Today (June 18) the Tang Prize Foundation commenced its announcements for the 2016 Tang Prize. First of the four prizes to be announced was the 2016 prize in Sustainable Development. Arthur Rosenfeld, known in the field as the “godfather” of energy efficiency, was chosen as the category’s awardee “for his lifelong and pioneering innovations in energy efficiency resulting in immense reductions in energy consumption and greenhouse gas emissions around the world.” The award includes a cash prize of US$1.24 million. In addition to the cash prize, a grant of approx. US$311,000 is awarded per category.
Rosenfeld began his illustrious career in particle physics. He earned his PhD at the University of Chicago under the tutelage of legendary physicist and Nobel Laureate Enrico Fermi. During his time as a Professor of Physics at Berkeley, the oil crisis of the 1970s awakened him to the importance of energy conservation. In a phrase that sums up his lifetime of work—“The cheapest energy is what you don’t use.”
In both technology and policy, Rosenfeld has left a lasting legacy in energy. The Center for Building Science, headed by Rosenfeld, developed the high-frequency electronic ballasts which made compact florescent light bulbs possible. They also developed windows which are especially coated to allow visible light to pass while blocking thermal radiation. DOE-1 and DOE-2, computer programs for building energy analysis and design, were developed under Rosenfeld’s leadership; Energy Plus, the renamed and expanded version of DOE-2, has since become standard in many places around the world.
Rosenfeld served as the Senior Advisor to the U.S. Energy Department’s Assistant Secretary for Energy Efficiency and Renewable Energy from 1994-1999, then as California’s Energy Commissioner from 2000-2010. During his period in government, he helped pass energy standards for “energy vampires,” which are appliances, such as TVs and computer monitors, which use energy even when they are in “sleep” mode. And in recent years, Rosenfeld has promoted the widespread use of “white roofs” and “white pavement,” which reflect thermal radiation back into the atmosphere rather than absorbing it.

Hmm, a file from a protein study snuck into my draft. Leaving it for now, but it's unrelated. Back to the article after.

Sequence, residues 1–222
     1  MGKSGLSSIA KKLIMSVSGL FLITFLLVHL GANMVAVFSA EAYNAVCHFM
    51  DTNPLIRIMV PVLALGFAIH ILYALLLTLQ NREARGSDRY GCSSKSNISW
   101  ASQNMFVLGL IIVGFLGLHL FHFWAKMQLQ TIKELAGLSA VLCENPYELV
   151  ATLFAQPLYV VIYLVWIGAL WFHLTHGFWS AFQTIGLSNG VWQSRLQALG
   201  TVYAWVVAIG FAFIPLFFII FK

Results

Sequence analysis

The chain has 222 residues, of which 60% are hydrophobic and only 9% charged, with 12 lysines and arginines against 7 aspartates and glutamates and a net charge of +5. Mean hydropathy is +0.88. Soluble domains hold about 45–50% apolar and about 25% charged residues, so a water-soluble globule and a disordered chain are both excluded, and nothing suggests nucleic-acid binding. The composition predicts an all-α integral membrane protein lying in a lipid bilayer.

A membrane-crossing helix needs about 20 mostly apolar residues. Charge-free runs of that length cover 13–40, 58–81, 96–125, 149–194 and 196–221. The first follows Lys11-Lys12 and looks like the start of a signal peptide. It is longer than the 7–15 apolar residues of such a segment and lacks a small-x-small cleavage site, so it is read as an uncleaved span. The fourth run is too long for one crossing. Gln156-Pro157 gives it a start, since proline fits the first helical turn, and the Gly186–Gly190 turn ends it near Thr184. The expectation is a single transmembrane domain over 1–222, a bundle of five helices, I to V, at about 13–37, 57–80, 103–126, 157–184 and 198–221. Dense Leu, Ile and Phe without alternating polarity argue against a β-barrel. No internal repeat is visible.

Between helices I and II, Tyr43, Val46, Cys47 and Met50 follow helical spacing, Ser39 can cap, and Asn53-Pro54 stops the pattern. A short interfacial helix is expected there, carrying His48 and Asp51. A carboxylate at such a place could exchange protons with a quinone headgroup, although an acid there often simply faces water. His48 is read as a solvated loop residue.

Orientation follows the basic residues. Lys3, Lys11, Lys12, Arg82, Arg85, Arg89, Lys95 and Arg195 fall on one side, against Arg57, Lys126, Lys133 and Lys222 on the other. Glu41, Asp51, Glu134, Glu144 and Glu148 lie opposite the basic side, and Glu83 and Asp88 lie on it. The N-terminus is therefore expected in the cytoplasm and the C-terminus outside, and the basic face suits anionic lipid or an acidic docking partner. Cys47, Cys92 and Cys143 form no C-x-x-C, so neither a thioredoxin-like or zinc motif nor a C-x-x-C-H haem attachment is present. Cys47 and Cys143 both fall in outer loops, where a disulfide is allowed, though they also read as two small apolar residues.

His methods, which cut away at the unessential, are estimated to save $1.8 trillion and 7 billion tons of CO2 emissions by 2030, according to a 2001 US National Academy of Sciences report. Savings are most apparent in California, where per-capita energy usage has remained flat, even while the national average is on a steady rise. This trend has been called the “Rosenfeld Effect” by those in the field.
Founded in 2012 by Samuel Yin, the Tang Prize awards achievements in four categories: Sustainable Development, Biopharmaceutical Science, Sinology, and Rule of Law. The Tang Prize in Sustainable Development recognizes individuals or institutions who have made extraordinary contributions to the sustainable development of human societies, especially through groundbreaking innovations in science and technology.
Nomination and selection of laureates is conducted by Taiwan’s highest academic institution, the Academia Sinica. Recipients are chosen on the basis of the originality of their work along with their contributions to society, irrespective of nationality, ethnicity, gender, and political affiliation.
The newest round of awardees will be announced live streaming on June 18-21, 2016, and will receive the medal, diploma, and cash prize at the award ceremony on September 25 in Taipei.